Follow up after a phone call ( or email )

I have a context called “Get In Touch” - which captures all phone calls I need to make. I am confused as to what happens to the action item if I want to create a followup call later? Do I create another action item to follow up? Is there a better way to do this which allows me to see the entire history of contacts with a particular person ?

I know of three approaches. You might switch the context to a “waiting for reply” context. You can also keep the context but set a defer date so that it will pop up again in a few days if you haven’t heard back. Curt Clifton also wrote an excellent script that completes the current action and sets up a new action in a follow up context.


I like option 1 and 2. For #2, do you have only a defer date ( without any due date?) The due date on the original item will be earlier than the new defer date, no?

If I have to be in touch with them by a certain date, then I would set a due date. If not, then not. It depends completely on what the task is for.

I drag the action to one of my Waiting contexts (Home, Work, etc.).

One other thing I do is enter (using a Keyboard Maestro macro) the date I called (or emailed) at the end of the line in parens, so I can easily see how long I’ve been waiting a response.


Tacking on to this topic: I often have conversations that drive towards a goal (e.g. get a meeting) but involve an unforeseeable number of back-and-forths. I may start with an action:

  • Email Ms. X
    once I got around to do that, the next step is:
  • Check for response from Ms. X
    Since she may not respond right away, it could also be “Follow up with Ms. X to get response.” Once I got a response, it may contain questions or points that I need to address first, so now we are back to:
  • Email Ms. X

This loop may repeat a few times until the final goal (get a meeting) is accomplished or abandoned. I often have multiple such loops going. I started out having just one action “Set up meeting with Ms. X” but this doesn’t really let me manage the back and forth very well. But if I turn “Set up meeting with Ms. X” into a project, it will at any given time only have one action under it, either “send response” or “wait for response”. It seems unwieldy to have lots of “projects” with just one action.

I saw the suggestions to switch context to “Waiting” but I’d prefer to keep these chains within the original context. What about that script lucasburke mentioned, how does it work and where can I find it?

What’s the best way to handle such “ball in my court / ball in their court” scenarios?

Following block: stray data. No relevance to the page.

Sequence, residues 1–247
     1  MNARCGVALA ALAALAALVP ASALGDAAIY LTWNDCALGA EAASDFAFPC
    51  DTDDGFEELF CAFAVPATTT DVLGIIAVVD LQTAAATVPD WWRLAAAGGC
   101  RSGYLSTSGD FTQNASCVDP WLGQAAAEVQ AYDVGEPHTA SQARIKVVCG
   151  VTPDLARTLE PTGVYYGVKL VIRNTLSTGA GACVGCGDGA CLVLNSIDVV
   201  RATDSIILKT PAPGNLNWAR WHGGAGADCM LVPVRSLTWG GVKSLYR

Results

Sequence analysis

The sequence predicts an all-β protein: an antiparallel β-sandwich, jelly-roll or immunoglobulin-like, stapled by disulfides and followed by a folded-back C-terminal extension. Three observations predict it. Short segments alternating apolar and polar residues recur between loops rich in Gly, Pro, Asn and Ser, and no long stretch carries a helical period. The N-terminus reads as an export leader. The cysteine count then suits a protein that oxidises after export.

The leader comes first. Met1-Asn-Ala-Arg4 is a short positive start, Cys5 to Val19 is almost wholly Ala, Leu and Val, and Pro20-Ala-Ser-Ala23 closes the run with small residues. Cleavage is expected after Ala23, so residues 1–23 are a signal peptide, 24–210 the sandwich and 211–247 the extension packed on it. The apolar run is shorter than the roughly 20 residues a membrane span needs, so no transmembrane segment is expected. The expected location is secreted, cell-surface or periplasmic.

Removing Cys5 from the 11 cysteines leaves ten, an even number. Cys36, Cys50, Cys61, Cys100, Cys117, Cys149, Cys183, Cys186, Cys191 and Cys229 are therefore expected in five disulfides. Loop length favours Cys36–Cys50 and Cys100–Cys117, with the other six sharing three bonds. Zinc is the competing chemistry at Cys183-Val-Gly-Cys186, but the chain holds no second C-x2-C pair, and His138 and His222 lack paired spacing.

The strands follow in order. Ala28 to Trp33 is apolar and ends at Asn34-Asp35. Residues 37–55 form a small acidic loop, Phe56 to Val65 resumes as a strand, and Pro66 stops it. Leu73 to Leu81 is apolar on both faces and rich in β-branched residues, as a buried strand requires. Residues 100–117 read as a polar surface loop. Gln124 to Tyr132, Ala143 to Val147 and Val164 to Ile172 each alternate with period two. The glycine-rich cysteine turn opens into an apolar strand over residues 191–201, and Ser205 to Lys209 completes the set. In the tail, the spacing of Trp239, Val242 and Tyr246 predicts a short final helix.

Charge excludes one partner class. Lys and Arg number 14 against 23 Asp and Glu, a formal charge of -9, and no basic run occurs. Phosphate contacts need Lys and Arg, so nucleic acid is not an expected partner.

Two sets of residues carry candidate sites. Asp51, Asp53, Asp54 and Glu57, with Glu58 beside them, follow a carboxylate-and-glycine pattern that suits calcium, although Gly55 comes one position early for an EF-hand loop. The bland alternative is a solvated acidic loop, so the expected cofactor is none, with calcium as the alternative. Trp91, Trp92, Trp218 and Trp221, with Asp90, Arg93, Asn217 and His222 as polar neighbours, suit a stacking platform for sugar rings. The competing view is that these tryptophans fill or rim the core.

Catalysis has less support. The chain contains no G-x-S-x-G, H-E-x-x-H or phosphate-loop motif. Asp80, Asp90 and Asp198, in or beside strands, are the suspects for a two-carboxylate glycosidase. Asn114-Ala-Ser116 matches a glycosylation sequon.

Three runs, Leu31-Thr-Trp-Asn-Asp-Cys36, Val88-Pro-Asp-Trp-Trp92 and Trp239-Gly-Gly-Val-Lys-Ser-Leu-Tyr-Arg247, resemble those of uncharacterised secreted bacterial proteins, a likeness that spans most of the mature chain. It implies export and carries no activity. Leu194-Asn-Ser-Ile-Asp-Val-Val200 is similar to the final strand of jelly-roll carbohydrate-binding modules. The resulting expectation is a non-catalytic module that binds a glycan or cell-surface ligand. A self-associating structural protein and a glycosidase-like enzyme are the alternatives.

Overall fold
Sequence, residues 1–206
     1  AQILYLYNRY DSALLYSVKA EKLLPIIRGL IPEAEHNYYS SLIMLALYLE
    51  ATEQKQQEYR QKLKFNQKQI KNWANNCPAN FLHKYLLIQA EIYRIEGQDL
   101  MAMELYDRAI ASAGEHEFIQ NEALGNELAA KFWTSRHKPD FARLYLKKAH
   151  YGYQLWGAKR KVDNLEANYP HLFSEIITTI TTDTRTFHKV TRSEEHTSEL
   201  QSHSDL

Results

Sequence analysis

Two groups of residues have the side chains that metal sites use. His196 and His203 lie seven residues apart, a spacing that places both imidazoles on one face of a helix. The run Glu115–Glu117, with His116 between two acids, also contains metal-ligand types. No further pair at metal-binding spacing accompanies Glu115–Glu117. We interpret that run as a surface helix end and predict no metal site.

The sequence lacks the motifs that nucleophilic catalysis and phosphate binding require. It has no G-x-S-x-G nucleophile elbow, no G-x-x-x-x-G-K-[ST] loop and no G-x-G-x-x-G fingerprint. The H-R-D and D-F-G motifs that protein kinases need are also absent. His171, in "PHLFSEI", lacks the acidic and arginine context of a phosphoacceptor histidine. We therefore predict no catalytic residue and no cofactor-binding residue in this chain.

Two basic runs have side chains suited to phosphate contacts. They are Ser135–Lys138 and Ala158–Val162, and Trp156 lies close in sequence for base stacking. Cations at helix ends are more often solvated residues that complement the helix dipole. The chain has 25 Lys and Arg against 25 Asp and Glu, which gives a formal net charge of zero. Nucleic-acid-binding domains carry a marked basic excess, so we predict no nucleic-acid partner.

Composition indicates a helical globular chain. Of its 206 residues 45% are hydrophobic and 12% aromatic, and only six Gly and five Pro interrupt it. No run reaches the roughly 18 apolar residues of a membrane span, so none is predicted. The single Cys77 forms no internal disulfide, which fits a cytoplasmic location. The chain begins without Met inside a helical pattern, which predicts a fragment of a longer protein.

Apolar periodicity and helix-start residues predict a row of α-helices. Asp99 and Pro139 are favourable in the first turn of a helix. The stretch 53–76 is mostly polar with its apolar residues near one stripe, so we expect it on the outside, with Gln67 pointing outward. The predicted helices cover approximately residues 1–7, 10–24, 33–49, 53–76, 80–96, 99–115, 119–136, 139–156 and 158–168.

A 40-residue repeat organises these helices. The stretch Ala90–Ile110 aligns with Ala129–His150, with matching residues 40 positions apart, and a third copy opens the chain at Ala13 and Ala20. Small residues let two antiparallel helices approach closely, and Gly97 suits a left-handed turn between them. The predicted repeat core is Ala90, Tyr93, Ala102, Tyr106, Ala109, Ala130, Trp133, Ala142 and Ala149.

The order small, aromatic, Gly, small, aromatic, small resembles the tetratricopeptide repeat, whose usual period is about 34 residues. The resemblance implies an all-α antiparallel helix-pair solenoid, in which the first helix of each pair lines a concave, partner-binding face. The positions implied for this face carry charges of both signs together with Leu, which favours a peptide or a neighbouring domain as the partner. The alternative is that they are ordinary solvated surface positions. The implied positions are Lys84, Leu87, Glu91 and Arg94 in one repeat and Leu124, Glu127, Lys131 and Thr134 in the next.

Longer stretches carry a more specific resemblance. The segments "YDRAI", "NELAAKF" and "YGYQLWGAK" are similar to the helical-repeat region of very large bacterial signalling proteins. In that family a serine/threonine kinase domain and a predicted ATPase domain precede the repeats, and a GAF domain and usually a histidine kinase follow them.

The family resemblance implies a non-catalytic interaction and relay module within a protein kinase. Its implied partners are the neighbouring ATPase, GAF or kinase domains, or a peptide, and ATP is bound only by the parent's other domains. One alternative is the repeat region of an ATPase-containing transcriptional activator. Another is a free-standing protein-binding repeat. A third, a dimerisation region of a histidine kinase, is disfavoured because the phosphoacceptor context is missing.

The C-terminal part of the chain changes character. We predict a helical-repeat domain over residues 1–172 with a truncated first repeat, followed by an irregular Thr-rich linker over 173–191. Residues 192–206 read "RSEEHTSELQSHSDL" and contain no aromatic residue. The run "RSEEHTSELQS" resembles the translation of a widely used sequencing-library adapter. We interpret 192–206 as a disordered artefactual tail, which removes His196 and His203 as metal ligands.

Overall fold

Maybe I’m hung up on the terminology, but “waiting for reply” sounds like I can ignore a thing indefinitely
as I’ve kicked the ball over the line.

Adding that defer date is a good tip, though.
It will become my problem even if the other person fails to do their part.

Curt’s script is great for this, but just going over your Waiting For list during the weekly review is often sufficient.

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OK so maybe the better title is “Check for response”, which, if you’re a stickler for terminology, isn’t great either because there isn’t really much to check. The response either pops up in your inbox or it doesn’t.

But you’re right, this is for cases where it will become my problem if the other person doesn’t respond. So I need to stay on top of who owes me a reply and send a follow-up reminder after a few days.

Usually these are simple single actions (in my mind at least, like the “Set up meeting” example) that I want to toggle somehow b/w “ball in my court / ball in their court”. I’ll try the script. Thanks!

That’s the gist of my comment: "waiting for reply” isn’t about being a stickler,
its about using the terminology to keep postponing checking in on a task & serves as an observation. I think we agree.

It depends on the type of use:
If its an office task that relies on another department’s response, it takes on a different importance than personal business.

At some point, the other person’s oversight or procrastination is owned by you.
It might be my personal peccadillo, but “Waiting for Reply” even if explicitly accurate - feels like I can skip over the item a time or two. The hangup is my reaction.

That doesn’t change the needs, that is an observation.
If an alarm pops up - to remind one to followup, then its possibly a moot point. I just think a flag change would be nice if a response is not made in x timeframe.

I see passive-aggressives copping an attitude & allowing a task to sit,
because they did not get a response in due order to something they’ve flagged. Which only extends the delay.
It becomes everyone’s problem because it was passed over so long as they can think its out of their court.

I downloaded the script too. He has his own webpage.
The script is a good start, but I think it could be tuned a little to suit my needs.

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Talking about @curt’s script, @timstringer has a great video about it on his new website Learn Omnifocus. Worth checking.

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your answer is good for me!